For the first time, scientists have captured images of ultra-small bacteria, putting to rest a decades-old debate over whether or not these minuscule creatures actually exist. 

Led by scientists from the US Department of Energy's Lawrence Berkeley National Laboratory and the University of California, Berkeley, the team has confirmed that these single-celled organisms have an average volume of 0.009 cubic microns. One micron is one millionth of a metre, which means 150 of them could fit inside an E. coli cell. This is the smallest life-form known to science, and they could be as small as life gets on Earth.

In 1996, researchers published a description of a meteorite that fell from Mars, which sparked a long and complicated debate over the existence of what they called 'nanobacteria', later also described as nanobes. Various teams argued over whether life, theoretically, could live to be that size, but the debate didn't really get anywhere because no one really had any evidence for either side. One side said all the things needed for life - DNA, RNA, proteins and solvents - couldn't actually fit inside a cell that small, while others said life could be that small, but just in a starved, inactive state. 

Researchers argued over the theoretical limit for how small a cell could get in diameter and volume, and one team even reported finding some marine nanobes, but lacked direct electron microscopic evidence to prove they fit inside the size range to classify them as such. But now, bacteria found in some Colorado groundwater have been imaged, and these things are undeniably tiny - several times tinier than several estimates for the lower size limit of life on Earth, in fact. And as difficult as it is to see them, the researchers think they could actually be quite common. 

Of course, that doesn't mean they're not super-weird. Publishing their description of these creatures in Nature Communications, the team says the bacteria cells are full to the brim with tightly packed spiral structures they think is probably DNA, and they contain a small amount of RNA. They function according to a very basic metabolism, which suggests that they're probably parasitic, being unable to meet their own basic needs without the assistance of more sophisticated life-forms. Hair-like appendages called pili could actually help them to attach to other microbes, the team suggests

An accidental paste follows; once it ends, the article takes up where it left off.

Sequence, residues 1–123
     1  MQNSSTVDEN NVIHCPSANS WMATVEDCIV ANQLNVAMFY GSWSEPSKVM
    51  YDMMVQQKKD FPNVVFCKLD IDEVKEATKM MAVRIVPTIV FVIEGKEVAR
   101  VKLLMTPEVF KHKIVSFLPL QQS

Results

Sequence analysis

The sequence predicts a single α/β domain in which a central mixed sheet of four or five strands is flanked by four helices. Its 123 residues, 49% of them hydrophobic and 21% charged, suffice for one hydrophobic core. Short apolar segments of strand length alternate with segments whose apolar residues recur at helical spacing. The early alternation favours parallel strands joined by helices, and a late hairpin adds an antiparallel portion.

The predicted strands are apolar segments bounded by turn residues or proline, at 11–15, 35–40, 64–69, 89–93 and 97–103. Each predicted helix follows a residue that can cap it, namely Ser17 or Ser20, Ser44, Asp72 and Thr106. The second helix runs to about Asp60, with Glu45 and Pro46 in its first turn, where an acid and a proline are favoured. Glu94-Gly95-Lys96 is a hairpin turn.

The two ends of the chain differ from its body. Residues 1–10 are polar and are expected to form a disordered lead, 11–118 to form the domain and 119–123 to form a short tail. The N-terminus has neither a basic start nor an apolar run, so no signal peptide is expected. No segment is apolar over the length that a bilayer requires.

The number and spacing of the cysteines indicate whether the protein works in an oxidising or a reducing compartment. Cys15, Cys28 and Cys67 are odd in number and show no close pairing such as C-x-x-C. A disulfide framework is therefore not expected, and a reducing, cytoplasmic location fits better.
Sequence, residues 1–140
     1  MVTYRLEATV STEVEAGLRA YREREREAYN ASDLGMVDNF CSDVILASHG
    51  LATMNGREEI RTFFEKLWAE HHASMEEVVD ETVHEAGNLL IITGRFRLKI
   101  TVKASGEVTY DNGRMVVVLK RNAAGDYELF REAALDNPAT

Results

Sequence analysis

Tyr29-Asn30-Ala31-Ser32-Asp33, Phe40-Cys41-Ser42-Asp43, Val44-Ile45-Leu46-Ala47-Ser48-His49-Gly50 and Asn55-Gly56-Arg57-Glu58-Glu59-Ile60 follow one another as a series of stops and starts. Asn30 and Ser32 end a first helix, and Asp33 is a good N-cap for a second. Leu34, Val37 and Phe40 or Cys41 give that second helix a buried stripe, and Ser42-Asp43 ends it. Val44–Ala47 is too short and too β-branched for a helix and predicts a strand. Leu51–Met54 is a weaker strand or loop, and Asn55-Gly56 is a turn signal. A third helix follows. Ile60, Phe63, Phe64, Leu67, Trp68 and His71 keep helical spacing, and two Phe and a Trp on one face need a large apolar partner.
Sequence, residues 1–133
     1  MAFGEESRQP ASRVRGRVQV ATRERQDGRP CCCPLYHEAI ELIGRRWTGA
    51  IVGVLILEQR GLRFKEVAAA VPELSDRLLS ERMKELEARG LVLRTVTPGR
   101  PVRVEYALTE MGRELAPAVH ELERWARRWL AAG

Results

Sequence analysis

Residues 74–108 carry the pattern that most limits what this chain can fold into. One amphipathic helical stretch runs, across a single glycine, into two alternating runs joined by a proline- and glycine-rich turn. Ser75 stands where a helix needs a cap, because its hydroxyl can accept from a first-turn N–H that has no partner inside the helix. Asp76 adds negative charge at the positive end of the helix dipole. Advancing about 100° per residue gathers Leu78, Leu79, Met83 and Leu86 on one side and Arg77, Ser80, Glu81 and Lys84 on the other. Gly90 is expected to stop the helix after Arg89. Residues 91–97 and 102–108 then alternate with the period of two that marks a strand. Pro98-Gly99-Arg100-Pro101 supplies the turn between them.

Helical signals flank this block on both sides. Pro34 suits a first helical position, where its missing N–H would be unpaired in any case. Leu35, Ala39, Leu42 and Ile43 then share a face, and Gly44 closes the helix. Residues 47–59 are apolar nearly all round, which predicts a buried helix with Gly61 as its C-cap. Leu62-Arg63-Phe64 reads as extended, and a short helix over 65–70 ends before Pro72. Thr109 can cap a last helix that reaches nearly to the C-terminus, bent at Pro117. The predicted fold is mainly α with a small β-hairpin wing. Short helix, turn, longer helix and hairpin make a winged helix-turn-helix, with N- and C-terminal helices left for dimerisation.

The various types of ultra-small bacteria found belong to one of three microbial phyla, all of which scientists have struggled to study in the past. 

"These newly described ultra-small bacteria are an example of a subset of the microbial life on earth that we know almost nothing about," one of the team, Jill Banfield, a Senior Faculty Scientist in Berkeley Lab's Earth Sciences Division, said in a press release. "They're enigmatic. These bacteria are detected in many environments and they probably play important roles in microbial communities and ecosystems. But we don't yet fully understand what these ultra-small bacteria do."

"There isn't a consensus over how small a free-living organism can be, and what the space optimisation strategies may be for a cell at the lower size limit for life. Our research is a significant step in characterising the size, shape, and internal structure of ultra-small cells," one of the team, Birgit Luef, now at the Norwegian University of Science and Technology, Trondheim, added.

The team was able to capture the ultra-small bacteria - they don't have a more official name than that yet - by filtering groundwater through successively smaller filters, getting right down to an incredible 0.2 microns. This is so small, it's how we sterilise water, which means we're assuming no life could get through those holes. Except that in this case, the 'sterilised' water was positively teeming with organisms. 

The bacteria were flash frozen and taken back to the lab at Berkeley, where their internal structures were captured using using 2-D and 3-D cryogenic transmission electron microscopy. Using this technology, the researchers were able to see cells in the process of dividing, which means that not only were these creatures not starved or inactive, as had been previously suggested, but they were healthy, active, and replicating themselves. 

The task now is to figure out, well, basically everything about these minuscule creatures. "We don't know the function of half the genes we found in the organisms from these three phyla," Banfield says.

Can't wait to get you know you better, ultra-small bacteria!